I think Reggie is very photogenic. Bridget is, too. Very easy subjects for the camera when they allow me to take a photo.

      Reggie was being silly the other day. I’d point the camera at him and he’d run inside the BLT and then run back out again, like “ha-ha! Can’t get me!”

      Thank you for liking the story.

  31. Pamela K. says:

    Sue,
    So HAPPY to hear Reg is scootin’ with his mojo again…was worried for that little guy!
    Chicken, I can take it or leave it most of the time. I am a turkey gal, love them…well…except for tonight’s turkey!!! Klemper picked one up on the way home around 8:30PM. I fixed steamed green beans, Stove Top stuffing and opened up a can of cranberries. All enough for our dinner and some for lunches tomorrow, right? The turkey was AWFUL! On the tag it had been cooked since 10:30AM and had no doubt sat under the heat lamp until we bought it at 8:30PM !!! It looked good but was bone-dry, hard as a rock. I called the store, they will refund my money tomorrow but that didn’t help much for tonight’s dinner. Just a few pennies shy of $9:00 too! Ouch! So that’s why I stay clear of store roasted products unless I can get there really early once they put them out freshly cooked. Just think, 10:30AM – 8:30PM it was under that heat lamp – nasty! You would think there would be some kind of health code law for that. It should have seem a garbage can long before Klemper even brought it home…then it did. HA!
    *Calling-Out* our local Ingle’s Store now.

    • rvsueandcrew says:

      Hi, Pamela,

      What a disappointment. I’m sorry that happened. I urge you to click the link the Sidewinder Pen posted for us about rotisserie chickens. Stores have a system for putting out the cooked chickens for customers and after a predetermined time period, the chickens are removed and made into chicken salad and other items sold at the deli. It’s a surprisingly short period of time. Probably, like you say, there’s a health code to be followed.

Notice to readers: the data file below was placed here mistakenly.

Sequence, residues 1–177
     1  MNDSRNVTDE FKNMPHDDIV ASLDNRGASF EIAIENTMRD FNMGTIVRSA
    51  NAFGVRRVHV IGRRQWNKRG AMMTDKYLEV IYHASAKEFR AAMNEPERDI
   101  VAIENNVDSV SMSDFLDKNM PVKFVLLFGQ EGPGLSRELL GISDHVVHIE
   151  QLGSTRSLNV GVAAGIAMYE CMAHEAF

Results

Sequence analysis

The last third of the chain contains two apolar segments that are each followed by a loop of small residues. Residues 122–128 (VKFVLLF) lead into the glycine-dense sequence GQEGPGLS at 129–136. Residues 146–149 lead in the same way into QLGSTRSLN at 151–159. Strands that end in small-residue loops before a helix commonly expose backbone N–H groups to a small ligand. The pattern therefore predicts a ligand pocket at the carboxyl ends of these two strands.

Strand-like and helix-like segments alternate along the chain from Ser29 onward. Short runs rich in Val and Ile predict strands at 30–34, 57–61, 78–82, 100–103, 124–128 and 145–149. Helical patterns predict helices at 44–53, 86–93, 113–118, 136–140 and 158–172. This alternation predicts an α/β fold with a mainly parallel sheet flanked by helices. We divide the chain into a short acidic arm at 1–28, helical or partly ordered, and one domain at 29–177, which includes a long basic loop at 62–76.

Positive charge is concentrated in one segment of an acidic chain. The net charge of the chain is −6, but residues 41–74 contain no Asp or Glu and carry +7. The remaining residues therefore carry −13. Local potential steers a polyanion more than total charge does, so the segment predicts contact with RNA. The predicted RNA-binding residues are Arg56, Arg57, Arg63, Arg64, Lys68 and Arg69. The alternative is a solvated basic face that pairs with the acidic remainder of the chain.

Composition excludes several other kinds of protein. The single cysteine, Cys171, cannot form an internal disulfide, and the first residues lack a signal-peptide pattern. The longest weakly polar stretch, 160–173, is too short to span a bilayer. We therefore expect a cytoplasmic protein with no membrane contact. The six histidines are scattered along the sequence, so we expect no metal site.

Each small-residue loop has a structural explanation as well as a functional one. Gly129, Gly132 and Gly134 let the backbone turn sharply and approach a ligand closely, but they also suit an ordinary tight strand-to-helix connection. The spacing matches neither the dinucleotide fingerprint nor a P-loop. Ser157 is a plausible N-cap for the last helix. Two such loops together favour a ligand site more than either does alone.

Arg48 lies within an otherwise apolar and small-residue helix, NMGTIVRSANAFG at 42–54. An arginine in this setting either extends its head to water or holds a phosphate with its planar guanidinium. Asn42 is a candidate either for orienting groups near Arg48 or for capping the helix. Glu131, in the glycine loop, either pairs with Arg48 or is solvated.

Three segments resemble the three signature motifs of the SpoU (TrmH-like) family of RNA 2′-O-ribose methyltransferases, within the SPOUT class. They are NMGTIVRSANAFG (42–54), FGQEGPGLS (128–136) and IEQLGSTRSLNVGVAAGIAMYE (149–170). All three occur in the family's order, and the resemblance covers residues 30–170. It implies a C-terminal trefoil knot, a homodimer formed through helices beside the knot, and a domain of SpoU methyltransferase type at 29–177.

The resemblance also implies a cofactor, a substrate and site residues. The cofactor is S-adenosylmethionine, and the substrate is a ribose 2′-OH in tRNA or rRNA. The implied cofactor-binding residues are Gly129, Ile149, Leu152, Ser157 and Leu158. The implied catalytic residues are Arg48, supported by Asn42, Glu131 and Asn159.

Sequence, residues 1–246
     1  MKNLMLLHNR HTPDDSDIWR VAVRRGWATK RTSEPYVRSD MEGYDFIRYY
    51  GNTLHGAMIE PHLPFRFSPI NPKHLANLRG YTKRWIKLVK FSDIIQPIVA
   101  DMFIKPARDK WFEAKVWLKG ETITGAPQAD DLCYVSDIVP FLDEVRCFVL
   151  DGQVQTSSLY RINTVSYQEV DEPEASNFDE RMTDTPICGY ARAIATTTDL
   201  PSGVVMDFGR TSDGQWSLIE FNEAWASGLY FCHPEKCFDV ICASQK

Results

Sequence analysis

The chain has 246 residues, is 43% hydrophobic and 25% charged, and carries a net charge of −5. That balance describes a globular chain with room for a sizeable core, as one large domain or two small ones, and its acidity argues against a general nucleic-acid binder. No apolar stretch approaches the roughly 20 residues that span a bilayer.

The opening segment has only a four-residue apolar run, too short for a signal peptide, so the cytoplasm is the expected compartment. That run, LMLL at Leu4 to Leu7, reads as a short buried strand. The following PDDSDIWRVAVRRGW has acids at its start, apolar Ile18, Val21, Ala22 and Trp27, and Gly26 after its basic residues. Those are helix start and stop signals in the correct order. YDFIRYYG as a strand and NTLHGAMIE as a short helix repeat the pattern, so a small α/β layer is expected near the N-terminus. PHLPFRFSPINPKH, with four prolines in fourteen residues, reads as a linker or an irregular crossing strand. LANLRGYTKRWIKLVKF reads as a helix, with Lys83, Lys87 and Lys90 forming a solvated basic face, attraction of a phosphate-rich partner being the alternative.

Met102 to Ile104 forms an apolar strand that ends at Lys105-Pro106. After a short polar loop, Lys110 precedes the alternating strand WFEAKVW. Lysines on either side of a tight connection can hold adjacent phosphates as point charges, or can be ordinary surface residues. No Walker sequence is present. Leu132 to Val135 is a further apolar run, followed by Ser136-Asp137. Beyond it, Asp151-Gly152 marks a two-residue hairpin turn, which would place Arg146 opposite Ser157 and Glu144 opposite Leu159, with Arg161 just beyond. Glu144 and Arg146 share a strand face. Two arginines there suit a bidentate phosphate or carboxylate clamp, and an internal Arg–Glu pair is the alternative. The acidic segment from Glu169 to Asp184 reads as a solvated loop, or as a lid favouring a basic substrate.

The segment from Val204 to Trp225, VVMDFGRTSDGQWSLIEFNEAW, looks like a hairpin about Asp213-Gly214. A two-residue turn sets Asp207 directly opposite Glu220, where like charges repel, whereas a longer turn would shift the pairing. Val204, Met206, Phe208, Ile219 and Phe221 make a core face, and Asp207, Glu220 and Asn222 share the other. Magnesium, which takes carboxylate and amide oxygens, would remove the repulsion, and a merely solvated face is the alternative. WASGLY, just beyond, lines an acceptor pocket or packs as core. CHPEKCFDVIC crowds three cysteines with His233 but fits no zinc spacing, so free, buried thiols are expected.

If you click on that link, you can scroll down and easily pick out the information. In other words, you don’t have to wade through a lengthy analysis.

      As for the turkey you bought… something isn’t right… an employee screw-up, something. It’s good you called so that it can be prevented from happening again.

  32. mockturtle says:

    🙂

  33. Mike Leonard says:

    So glad Reggie recovered! The Bichon Brothers hate gunfire too. I like to target practice, but won’t do it anywhere near the boys.
    I finally got out of Dodge and am a RV park in Parump, NV while I buy a few things and get things sorted out. Very tired, but satisfied.

    • rvsueandcrew says:

      Hi, Mike,

      Have a safe and happy journey! Great photo of the Bichon Brothers at the top of your Nov. 22 post. 🙂

    • AlanOutandAbout - Pahrump, Pahrunp, Pahrump says:

      Hi Mike, Which RV Park. I am at the north end of town in the Nevada Treasures resort.

      • Mike Leonard says:

        Alan, I am at the Seven Palms RV park. It just says Pahrump RV Park in front. It is on Linda Street.

        • AlanOutandAbout - Pahrump, Pahrunp, Pahrump says:

          That is the first park I stayed at when I got here. I will be there this Sunday to visit a couple I met while there. He is the parks maintenance man. If you like we could meet let me know your site number.

  34. Lisa, Tommie and Buddy in SoFlo (for now) says:

    Sue, those sunset colors are unbelievable; so gorgeous! I look forward to seeing one in person, only God knows when that will happen.

    I am having some fun enjoying my bright red percolator. I enjoy seeing that little “burp” of color develop as the coffee perks. Oh the simple pleasures, LOL.